The Art Of Being A Leader
“Am I a good leader?”
It is one of those questions that have crossed almost every leader’s (experienced or about-to-be) mind. And in most cases, the answer is — maybe.
Now, if I tell you that I know the secret to moving from “Maybe” to “Yes, indeed!”, what will you think?
I bet you will be interested.
When you’re a part of a team or running one, it feels you’re pushing past your limits and taking on newer, progressively harder challenges every day. In this day-to-day scenario, you and everyone else in your team need a bit of motivation from time to time to get going and get more done.
Let me get straight to the point.
Being a leader myself, I have some valuable insights about the art of being a leader — especially, a good one. So, doing my part, I am going to share with you leadership tips and strategies that I have learned (and still learning) here at ProofHub.
Still searching for ways you can up your leadership game? Here are a few that will definitely work.
1. Read to lead
Being a leader is tough. I say that from experience. You face all sorts of new, unexpected obstacles on a daily basis. And there is a chance that someone else — most probably, someone more experienced than you — has handled obstacles similar to the ones you’re facing and wrote down the wisdom gained after successfully navigating them. Now, you can access that wisdom passed through the ages by reading popular leadership and management books. You can start with the classics and biographies.
2. Set the rules of productive meetings
As the popular saying goes, time is money. So, as a leader, you should think about limiting every possible time-waster. My suggestion is that you should start with your meetings. Trust your team to do their job and stop micromanaging them in meetings. Just make them run swiftly by setting some ground rules for productive meetings:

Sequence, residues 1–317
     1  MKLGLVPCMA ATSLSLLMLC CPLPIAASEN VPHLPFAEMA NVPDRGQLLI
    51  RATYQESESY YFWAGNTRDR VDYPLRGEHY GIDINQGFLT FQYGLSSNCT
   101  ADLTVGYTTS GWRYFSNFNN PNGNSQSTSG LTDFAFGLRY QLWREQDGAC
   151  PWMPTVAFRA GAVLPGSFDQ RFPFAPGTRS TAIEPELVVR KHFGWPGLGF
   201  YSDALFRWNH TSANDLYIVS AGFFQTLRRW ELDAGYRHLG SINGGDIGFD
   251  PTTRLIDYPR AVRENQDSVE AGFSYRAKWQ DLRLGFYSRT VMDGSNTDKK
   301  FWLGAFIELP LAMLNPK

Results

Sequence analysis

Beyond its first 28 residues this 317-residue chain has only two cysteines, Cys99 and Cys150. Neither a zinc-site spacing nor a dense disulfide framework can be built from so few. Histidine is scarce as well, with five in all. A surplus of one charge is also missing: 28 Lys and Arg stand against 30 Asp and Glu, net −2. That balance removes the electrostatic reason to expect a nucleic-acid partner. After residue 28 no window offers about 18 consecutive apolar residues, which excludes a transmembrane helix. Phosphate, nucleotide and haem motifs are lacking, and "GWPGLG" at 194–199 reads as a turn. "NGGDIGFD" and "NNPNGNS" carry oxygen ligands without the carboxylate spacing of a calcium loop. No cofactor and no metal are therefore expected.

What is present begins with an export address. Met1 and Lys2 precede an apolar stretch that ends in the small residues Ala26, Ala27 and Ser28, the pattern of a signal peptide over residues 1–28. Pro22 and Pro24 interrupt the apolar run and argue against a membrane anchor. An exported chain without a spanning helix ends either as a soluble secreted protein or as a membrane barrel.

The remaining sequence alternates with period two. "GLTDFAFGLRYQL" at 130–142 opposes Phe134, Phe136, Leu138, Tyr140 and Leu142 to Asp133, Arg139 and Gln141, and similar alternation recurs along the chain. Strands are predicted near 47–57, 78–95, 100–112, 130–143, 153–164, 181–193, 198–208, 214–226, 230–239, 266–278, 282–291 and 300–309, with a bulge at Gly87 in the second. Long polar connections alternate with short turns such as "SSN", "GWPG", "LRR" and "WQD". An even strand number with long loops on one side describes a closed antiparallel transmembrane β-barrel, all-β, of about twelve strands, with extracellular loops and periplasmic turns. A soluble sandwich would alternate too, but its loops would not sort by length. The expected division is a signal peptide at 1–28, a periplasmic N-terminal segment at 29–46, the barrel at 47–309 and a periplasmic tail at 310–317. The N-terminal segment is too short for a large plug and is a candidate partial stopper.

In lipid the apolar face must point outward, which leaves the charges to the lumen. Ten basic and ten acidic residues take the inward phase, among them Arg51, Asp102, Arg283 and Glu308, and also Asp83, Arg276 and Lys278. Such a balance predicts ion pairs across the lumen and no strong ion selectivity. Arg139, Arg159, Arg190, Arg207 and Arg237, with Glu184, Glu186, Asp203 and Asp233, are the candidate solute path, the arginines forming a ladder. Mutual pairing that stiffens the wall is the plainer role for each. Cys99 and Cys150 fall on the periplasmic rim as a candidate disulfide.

- Note what it is you hope to accomplish at the start of the meeting
- Try to limit your meetings to 50 minutes or less if at all possible
- During the meeting, expect and encourage everyone to contribute
- End you meeting with a summary of decisions and next steps
3. Bring a little humility
It’s easy for leaders to get too caught up in their success or trying to convince others of their greatness. But the fact is, no one is inspired by braggers or showboats. Stop bragging about your accomplishments and find ways to earn more respect and admiration in the workplace. Use your skills, experience, and knowledge to connect, attract, and inspire people and contribute to their community.
4. Invest in technology
Organizations are facing technology maelstrom these days. The Internet of things, automation, virtual workspaces, business productivity tools (such as team chat app, project management software, note-taking app, time tracking tool, etc) — all promise to do things faster, cheaper and — more autonomously. As a leader, you can use technology and automation to amplify human insight and talent. Just make sure you pick the right set of tools for your organization and your team — and you’ll be good to go.
Need a tool to effectively handle any management situation that may arise? Try ProofHub!
5. Put your employees’ interests first
A great leader always understands the problems of his/her team and fixes them by putting their interests first. They believe in providing clear direction by eliminating all expected/unexpected problems and making the workplace free of distractions. Find ways to streamline the work process, discover resources, and keep interruptions at bay.
6. Know when change is needed
Great leaders — and great people — are constantly looking forward to learning new things and always try to improve themselves in terms of behaviors and skills. Just remember that there is always something that you (and your team) can work on. And be sure to keep your mind open to new ideas that others might bring to the table.
7. Be wrong, but be wrong decisively
As a leader, you have to be fierce enough to get stuff work done but also humble enough to be a good leader. Don’t be too afraid of being wrong. Just remember what Greg Creed once said: “you won’t always be right and that’s OK…just make sure you are always clear”.
There is a huge difference between “being a boss” and “being a leader”. Be the latter — be the one who inspires devotion, trust, and brilliance. Keep working hard, stay curious, and remember that great leaders don’t just tell others what to do — they also show how it’s done the right way.
What do you think it takes to be a good leader? Share with us in the comments below.
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